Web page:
They stuck in my mind many, many years ago. I’m referring to the lyrics of a Leonard Cohen song, Famous Blue Raincoat. I think of those lyrics every time I find myself awake at four in the morning, which unfortunately is not all that rare. I never stay
awake until four in the morning, but it is not uncommon for me to be awake at four in the morning. Like this morning.
It’s four in the morning, the end of December
I’m writing you now just to see if you’re better
New York is cold, but I like where I’m living
There’s music on Clinton Street all through the evening
The lyrics of the song have no bearing on anything in my life, other than the fact that I’m awake at four in the morning. It’s the middle of July, not the end of December. And I’m not in New York. And so forth. But, still, the lyrics speak to me for some odd reason. They speak of loneliness in the midst of noise and activity. They conjure a sense of ennui, but with a disjointed definition that embraces a range of emotions that do not belong together. That phrase so often defines my state of mind: “a range of emotions that do not belong together.”
Just after I began to write this post, my wife responded to a text message I sent to her last night. So I responded to her response. And I suggested she call me, if she was of a mind to. She was and she did. We chatted for a few minutes. I learned she was channel surfing, trying to find something of consequence instead of the paid-programming hawking make-up. The staff had been in her room to do cleaning (in the middle of the night!); since they were there and had awakened her, she asked for assistance getting to the bathroom (she is not permitted to get out of bed without assistance, because she is so weak and because she is at hazard for a fall). So, being awakened in the middle of the night happened to be good fortune. Our call ended with my reminder to her that I would be back in again later this morning to bring her clothes, her mechanical pencil (a companion she requires when playing Sudoku, which is a frequent endeavor for her).
I never remember how to spell Sudoku, so I looked it up. I found this sentence describing the game:
The name “sudoku” is abbreviated from the Japanese suuji wa dokushin ni kagiru, which means “the numbers (or digits) must remain single.”
Hmm. Who knew?
I am tired, but I am awake and I sense there’s little point in trying to get back to sleep. My mind is not especially sharp this morning, which probably is reflected in my writing. But that’s true of my writing, in general, as it skitters from one topic to another, never stopping long enough to delve deeply into any one subject. My thought processes are like the rock I sling horizontally along the surface of a pond. My thoughts skim the surface for a moment, jump in the air, and repeat the process until, at some point, they sink like the rock I’ve thrown.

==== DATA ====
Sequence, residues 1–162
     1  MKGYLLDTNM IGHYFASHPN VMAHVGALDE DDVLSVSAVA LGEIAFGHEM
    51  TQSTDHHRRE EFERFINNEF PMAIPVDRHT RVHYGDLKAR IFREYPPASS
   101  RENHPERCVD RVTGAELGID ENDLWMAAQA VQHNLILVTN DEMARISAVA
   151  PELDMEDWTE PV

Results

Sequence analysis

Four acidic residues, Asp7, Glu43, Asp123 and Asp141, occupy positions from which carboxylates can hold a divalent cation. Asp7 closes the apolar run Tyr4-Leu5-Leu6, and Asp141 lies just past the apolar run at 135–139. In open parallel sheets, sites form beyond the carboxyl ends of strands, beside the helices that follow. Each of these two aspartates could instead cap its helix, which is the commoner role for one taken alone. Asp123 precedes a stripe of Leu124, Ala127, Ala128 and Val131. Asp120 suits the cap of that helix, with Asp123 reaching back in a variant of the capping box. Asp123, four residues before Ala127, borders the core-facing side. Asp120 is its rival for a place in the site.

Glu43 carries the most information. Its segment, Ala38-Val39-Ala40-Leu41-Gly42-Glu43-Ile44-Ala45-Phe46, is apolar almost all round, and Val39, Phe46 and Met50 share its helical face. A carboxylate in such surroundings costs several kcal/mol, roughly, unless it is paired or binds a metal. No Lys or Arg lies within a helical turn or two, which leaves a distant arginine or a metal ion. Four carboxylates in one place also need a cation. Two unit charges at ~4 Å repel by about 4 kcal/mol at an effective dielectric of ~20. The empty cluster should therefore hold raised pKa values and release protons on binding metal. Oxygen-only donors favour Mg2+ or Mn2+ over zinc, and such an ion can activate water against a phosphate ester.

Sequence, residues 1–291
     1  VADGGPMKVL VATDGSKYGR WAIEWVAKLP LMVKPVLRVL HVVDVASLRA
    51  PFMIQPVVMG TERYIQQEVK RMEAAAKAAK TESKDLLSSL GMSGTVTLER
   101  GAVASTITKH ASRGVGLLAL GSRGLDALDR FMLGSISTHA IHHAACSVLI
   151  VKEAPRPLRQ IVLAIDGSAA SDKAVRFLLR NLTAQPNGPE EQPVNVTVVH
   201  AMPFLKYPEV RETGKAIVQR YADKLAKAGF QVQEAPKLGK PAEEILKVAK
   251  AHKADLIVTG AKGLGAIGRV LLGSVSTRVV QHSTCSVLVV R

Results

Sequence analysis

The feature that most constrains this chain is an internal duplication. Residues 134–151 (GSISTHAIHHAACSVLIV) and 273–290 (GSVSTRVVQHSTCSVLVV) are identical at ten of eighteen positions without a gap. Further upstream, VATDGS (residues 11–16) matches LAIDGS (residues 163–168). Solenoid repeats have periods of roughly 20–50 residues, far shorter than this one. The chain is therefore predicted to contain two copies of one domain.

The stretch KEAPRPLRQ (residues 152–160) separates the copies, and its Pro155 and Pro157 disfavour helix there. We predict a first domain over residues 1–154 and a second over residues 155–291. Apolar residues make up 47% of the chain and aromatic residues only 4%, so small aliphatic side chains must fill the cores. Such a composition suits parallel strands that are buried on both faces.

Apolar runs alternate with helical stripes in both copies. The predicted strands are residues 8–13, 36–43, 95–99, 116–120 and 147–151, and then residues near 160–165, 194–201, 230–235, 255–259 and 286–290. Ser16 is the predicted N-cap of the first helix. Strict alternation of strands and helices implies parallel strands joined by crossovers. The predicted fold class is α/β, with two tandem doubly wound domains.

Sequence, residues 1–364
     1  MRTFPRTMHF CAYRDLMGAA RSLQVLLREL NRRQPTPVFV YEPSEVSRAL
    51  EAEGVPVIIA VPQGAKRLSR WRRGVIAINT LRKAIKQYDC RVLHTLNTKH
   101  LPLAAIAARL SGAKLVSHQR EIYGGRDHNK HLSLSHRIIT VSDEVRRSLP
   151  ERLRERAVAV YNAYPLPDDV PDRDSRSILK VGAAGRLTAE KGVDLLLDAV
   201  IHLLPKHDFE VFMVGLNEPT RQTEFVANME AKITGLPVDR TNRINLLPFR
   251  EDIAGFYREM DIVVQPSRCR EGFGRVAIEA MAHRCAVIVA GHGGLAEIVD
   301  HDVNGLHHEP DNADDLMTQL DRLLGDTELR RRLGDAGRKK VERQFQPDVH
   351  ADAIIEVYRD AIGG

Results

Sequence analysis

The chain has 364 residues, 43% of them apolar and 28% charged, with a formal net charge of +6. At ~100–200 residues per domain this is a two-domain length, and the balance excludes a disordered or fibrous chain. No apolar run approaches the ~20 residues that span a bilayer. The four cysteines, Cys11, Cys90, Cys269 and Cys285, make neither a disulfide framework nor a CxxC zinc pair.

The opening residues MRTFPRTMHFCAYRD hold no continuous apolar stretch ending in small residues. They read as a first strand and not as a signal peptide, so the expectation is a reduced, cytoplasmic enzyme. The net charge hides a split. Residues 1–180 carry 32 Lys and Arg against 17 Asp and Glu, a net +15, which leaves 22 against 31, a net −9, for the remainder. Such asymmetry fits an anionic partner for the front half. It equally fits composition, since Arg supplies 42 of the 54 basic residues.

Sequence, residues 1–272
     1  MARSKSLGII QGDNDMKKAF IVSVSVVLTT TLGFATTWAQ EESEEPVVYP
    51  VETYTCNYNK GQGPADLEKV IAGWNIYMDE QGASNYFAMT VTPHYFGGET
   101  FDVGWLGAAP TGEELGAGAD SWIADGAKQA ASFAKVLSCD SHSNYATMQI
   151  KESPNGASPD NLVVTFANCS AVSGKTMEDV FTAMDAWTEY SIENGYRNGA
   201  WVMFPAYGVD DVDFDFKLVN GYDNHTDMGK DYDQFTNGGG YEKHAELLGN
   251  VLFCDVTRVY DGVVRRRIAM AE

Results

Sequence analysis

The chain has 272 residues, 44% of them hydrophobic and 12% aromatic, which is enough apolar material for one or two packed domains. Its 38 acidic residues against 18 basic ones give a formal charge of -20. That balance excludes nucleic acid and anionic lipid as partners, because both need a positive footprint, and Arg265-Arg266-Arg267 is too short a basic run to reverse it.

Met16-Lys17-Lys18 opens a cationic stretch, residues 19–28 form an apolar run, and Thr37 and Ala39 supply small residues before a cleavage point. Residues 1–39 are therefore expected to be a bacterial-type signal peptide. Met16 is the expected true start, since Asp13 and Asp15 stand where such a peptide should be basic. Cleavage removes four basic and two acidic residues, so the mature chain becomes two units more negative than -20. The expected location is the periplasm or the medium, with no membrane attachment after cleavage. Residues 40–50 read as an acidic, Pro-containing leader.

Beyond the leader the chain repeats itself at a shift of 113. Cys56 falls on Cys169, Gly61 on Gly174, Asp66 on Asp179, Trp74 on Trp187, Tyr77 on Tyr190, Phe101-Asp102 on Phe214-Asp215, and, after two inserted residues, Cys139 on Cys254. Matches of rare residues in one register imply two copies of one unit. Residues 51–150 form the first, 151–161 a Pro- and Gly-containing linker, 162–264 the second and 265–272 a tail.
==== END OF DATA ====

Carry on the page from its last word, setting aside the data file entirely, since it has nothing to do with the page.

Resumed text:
My thoughts are like my interests: broad (or is it wide?) and shallow. If I could explore all the ideas that cross my mind, but examine them deeply, I would be a far more intelligent man. Instead, I know very little about many things. And my interests run in parallel; nothing interests me sufficiently to warrant becoming even remotely “expert” in anything. A jack of all trades, master of none, as the saying goes.
I am hungry. Now that the clock is telling me it’s closing in on five in the morning (only twenty minutes to go), I feel less embarrassment that food is on my mind. I’m thinking I’ll mix some of the beans I made the other day (pinto beans, chunks of ham, jalapeños, onions, chile powder, cumin) with the canned tomatoes I left in the refrigerator several days ago. That concoction will form a thick bean and tomato soup/stew of sorts; add some Yucateca Black Label salsa habanero and I’ll have a magical, tasty breakfast. Well, it will do, anyway.
Before I eat, though, I feel a need to write something consequential. That may take too long, though, so I’ll settle for whatever spills from my fingers.
It’s always too late to be the person you wish you had been when you should have been the person you wished you were. In other words, regret will always follow you if you behave in ways that you will regret. You can never un-do the things you did; you can never un-say the things you said; you can never un-be, the person you wish you had not been. Put another way, all the water under the bridge eventually reaches a dam, creating a stagnant pool. The solution is to go forward, being the person you wanted to be and saying the things you will be happy to have said and doing the things of which you will always be proud. That will give you the strength you need to breach the dam. Even so, though, your past will cling to you until there’s no more you to which to cling.
None of the preceding paragraph makes particularly good sense in the absence of the thoughts that prompted it; that will remain the case, inasmuch as those thoughts will remain locked in my head, where they should stay.
Enough early morning drivel. I will make my odd breakfast, take a shower, and begin to attack the day. My wife wants me with her at the rehab hospital, so I will go there after visiting hours begin. Once there, I can leave and return only once; the policies prohibit multiple in-and-out visits. So, I will spend the vast majority of my day there, leaving only when visiting hours end at 5:00 p.m. I wish I knew the schedule of her physical therapy; that could impact plans for my visit. But she does not yet have the schedule, so I will have to wing it. As I said, even early morning drivel.